In Kolkata the image of Tagore is ubiquitous. And unlike the face of Shakespeare in the UK (the figure to which Tagore’s significance is most casually compared for the myopic understanding of Westerners) Tagore’s presence in Bengali public spaces is almost entirely held with reverence, rather than mercilessly marketed on t-shirts and mugs as with the Bard of Stratford-upon-Avon. So it is not unusual to see his image at the Rabindra Tirtha in Newtown (itself a part of Kolkata erected with a certain Garden City coldness the rest of the metropolis thankfully lacks). At the entrance, the famous photograph of Tagore in theatrical attire, dressed up for one of his family productions when he was a strapping young man (long before he was the bearded be-robed sage who became an international literary star, and Asia’s first Nobel laureate). The choice of that image is not an accident. Rabindra Tirtha is a creative oasis – I hear several frequenters who introduce us to the geography as well as the concept of the place refer to it with this word – in Newtown’s high-rise ghostliness. It is a natural choice for the third iteration of the Tantidhatri International Women’s Performance Festival, and was here in isolation long before the developers spread to the area.
Through the archway entrance, and through a green central square that includes the theatre building, is a substantial manmade lake, the focal point of which, rising from the water like a deity, is a towering bronze statue of Tagore. He looks over the place that echoes his own forename, Rabindra Tirtha. He is nowadays dwarfed by the tower blocks and plazas that are going up around him, but he shines a great deal brighter than them. Tagore, despite some predictable conservative opinions about the role of women in the home that were not out of step for his era, wrote some of the most powerful and progressive female characters in all of Bengali literature (traditionally the most progressive and liberal area of Indian arts); so it is not too disarming for this festival dedicated to female creativity, showcasing performers of music, theatre and visual arts from California to South Korea, to have such a man watching over them.
This is not a commune, but feels like one, has the aura (for want of a better word) of people getting away from the asphyxiations of the modern world and its demands. What Jill Greenhalgh’s Daughter has done, is force the performers to look out, as well as in, in their evocations of personal discovery. Daughter was devised under Greenhalgh’s direction during the festival (although the concept for this practice is much older, and versions of Daughter have blossomed all around the world since 2011 under Greenhalgh’s stewardship), and presented mid-afternoon on the penultimate day – an international cast displaying the fruits of the development period for an international audience.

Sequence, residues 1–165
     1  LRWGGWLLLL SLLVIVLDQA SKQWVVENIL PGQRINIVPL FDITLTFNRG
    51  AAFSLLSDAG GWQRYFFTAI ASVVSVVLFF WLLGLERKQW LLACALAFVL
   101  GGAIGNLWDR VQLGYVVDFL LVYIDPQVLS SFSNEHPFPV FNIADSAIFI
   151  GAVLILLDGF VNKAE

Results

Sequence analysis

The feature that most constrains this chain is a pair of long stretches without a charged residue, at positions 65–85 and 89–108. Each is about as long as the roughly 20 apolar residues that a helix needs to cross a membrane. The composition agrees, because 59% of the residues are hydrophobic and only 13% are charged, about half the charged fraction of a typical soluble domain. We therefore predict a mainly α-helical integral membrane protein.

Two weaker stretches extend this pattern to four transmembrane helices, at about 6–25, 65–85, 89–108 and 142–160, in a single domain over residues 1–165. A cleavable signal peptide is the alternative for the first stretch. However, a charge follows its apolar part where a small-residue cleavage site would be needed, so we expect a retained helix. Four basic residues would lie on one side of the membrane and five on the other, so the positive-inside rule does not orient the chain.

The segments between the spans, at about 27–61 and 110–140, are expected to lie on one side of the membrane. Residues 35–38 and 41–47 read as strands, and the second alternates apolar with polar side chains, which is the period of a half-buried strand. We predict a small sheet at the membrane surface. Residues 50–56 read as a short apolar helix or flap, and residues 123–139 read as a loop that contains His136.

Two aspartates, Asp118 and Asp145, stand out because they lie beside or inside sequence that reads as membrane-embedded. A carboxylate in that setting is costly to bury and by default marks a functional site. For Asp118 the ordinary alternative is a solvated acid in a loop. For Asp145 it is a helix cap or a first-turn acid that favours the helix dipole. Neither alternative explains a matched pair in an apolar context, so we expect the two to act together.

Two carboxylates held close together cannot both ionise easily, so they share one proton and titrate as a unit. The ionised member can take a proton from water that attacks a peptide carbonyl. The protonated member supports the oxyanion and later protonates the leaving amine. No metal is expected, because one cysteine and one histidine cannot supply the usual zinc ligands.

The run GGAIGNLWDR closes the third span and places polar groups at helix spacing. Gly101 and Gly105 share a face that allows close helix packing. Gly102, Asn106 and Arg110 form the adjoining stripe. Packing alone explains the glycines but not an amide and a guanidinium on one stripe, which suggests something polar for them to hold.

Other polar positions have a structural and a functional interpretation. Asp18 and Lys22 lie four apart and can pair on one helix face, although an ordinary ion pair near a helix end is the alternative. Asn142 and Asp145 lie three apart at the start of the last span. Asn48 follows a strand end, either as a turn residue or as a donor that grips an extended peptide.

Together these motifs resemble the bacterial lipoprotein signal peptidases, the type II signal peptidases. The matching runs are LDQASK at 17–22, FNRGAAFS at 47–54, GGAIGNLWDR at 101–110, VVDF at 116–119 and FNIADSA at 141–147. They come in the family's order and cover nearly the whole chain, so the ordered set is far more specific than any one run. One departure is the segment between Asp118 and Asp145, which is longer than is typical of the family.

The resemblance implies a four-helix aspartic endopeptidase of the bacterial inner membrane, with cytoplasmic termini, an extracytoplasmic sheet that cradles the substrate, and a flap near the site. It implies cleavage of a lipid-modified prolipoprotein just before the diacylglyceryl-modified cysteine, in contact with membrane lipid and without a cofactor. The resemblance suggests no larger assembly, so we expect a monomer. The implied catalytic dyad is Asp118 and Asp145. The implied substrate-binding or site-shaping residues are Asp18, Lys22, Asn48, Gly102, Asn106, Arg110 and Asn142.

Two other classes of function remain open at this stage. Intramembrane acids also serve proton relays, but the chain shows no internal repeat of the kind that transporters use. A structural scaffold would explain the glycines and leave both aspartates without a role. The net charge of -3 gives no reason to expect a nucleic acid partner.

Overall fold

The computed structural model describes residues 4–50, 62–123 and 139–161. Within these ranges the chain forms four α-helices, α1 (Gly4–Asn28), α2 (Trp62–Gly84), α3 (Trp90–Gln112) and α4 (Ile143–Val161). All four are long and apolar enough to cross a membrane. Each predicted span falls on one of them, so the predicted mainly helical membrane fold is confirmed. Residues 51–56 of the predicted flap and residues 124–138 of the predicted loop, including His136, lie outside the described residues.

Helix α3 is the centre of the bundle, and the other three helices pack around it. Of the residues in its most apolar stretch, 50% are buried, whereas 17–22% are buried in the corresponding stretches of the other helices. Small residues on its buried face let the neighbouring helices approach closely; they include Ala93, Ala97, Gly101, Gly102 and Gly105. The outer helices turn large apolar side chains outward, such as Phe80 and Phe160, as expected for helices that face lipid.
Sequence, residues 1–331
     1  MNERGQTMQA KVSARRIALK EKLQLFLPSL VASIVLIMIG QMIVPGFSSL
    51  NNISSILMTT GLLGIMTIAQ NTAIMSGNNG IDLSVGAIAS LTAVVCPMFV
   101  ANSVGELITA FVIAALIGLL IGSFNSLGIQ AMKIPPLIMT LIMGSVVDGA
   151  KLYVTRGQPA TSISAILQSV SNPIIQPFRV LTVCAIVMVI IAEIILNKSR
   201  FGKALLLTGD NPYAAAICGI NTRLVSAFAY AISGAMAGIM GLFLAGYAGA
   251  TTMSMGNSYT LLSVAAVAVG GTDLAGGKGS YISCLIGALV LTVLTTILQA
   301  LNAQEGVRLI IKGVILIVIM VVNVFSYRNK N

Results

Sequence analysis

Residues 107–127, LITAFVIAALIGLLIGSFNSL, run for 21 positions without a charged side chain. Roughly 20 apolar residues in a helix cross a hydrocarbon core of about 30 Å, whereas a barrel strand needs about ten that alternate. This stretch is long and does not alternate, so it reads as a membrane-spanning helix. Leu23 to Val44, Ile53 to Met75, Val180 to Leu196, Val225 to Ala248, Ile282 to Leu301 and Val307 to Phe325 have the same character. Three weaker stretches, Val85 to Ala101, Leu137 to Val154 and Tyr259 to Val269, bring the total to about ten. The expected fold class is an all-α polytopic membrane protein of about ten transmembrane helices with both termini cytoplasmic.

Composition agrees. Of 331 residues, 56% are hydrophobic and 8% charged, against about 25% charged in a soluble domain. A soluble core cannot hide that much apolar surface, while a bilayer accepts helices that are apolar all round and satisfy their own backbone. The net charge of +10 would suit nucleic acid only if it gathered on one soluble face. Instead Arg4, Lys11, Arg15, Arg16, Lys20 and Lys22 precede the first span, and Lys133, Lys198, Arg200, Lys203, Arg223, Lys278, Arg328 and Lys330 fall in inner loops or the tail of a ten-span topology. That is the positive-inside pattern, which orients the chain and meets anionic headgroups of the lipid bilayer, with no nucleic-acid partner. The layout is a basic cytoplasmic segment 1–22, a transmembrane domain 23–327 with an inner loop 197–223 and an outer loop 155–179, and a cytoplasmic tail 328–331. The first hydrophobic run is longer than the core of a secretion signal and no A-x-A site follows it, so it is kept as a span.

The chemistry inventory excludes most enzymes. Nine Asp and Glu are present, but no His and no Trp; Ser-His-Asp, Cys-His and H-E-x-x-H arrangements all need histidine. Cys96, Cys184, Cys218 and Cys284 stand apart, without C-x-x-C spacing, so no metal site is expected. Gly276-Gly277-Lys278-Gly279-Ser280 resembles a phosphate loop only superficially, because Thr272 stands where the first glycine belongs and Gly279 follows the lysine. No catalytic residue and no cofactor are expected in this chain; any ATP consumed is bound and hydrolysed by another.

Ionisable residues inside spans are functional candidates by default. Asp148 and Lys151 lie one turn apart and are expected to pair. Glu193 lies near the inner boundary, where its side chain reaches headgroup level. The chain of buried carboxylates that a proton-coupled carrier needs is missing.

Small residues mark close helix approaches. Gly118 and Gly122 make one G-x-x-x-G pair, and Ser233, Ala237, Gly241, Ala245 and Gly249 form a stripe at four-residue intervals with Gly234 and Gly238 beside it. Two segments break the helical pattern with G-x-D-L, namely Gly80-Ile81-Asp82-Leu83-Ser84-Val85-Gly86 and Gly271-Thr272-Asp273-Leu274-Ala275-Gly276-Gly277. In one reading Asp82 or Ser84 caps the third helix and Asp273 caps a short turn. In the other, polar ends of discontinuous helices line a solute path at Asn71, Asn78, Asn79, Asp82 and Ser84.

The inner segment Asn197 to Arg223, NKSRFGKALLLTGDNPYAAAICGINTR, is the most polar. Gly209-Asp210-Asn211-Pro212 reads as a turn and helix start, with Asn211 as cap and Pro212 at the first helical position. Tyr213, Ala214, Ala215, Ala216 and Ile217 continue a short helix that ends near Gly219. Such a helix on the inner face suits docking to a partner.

Greenhalgh, Artistic Director of the Magdalena Project since 1986, is an old hand at bringing together a cacophony of international voices, pushing under-represented female voices to the front of the stage. Inside the dimly lit theatre at Rabindra Tirtha the feeling that this is an international space, rather that one rooted in India, or Bengal, is strongly felt, and the approving gaze of the omnipresent Tagore could not be more respectfully irrelevant. Outside he feels more like the past than he has ever done.
The audience are guided on to the stage, where women sit at tables awaiting guests to sit opposite and hear their stories. Each has a display of props, artfully spread in front of them, some of which will be used in the stories they tell, some of which hold more oblique symbolisms. In the centre of the stage, with as much presence as Tagore in his lake, a baby grand is played with haunting, lilting, Gymnopaedic aloofness. The stories begin, people gather, and there is more than a hint of Marina Abramovic’s The Artist is Present. The proximity of the stories – personal, emotive, searching – certainly gives them extra power; and it is worth noting also that the invitation implicit in this kind of theatre for the audience to also become performers is irresistible. There are tears – one woman is sobbing at one point – whereas others are notably aloof, polite, and earnest in their reactions. No reaction can be unconsidered, because the audience is on display, and the reactions to the stories are as much a part of the performative oxygen of Daughter as the pre-prepared elements are. Some, of course, are more performed than others, and some are unconscious overreactions, or even under-reactions, coming to the surface in light of the watchful eye. This is one of several interesting side-effects of a far-reaching and rich experience.
The stories are untied in their typical-ness, as well as their uniqueness. We could all tell stories like these if given over to the same processes that ended up in Daughter. And that is the point. The Indian woman who was inspired to become a poet, her mother being the only person in a conservative family who encouraged her to write; the Serbian woman who discovered the strength of her grandmother through the uncovering Daughter forced to her do; the American who investigated her mother’s adoption – these are the simple and complex stories of lives lived and relationships taken down to their barest structure. In the dimness of that stage, with the Satie-esque atmospherics, and the firm, sympathetic eye contact of each performer as they reveal a part of themselves through their story, Daughter is a singularly powerful piece of theatre.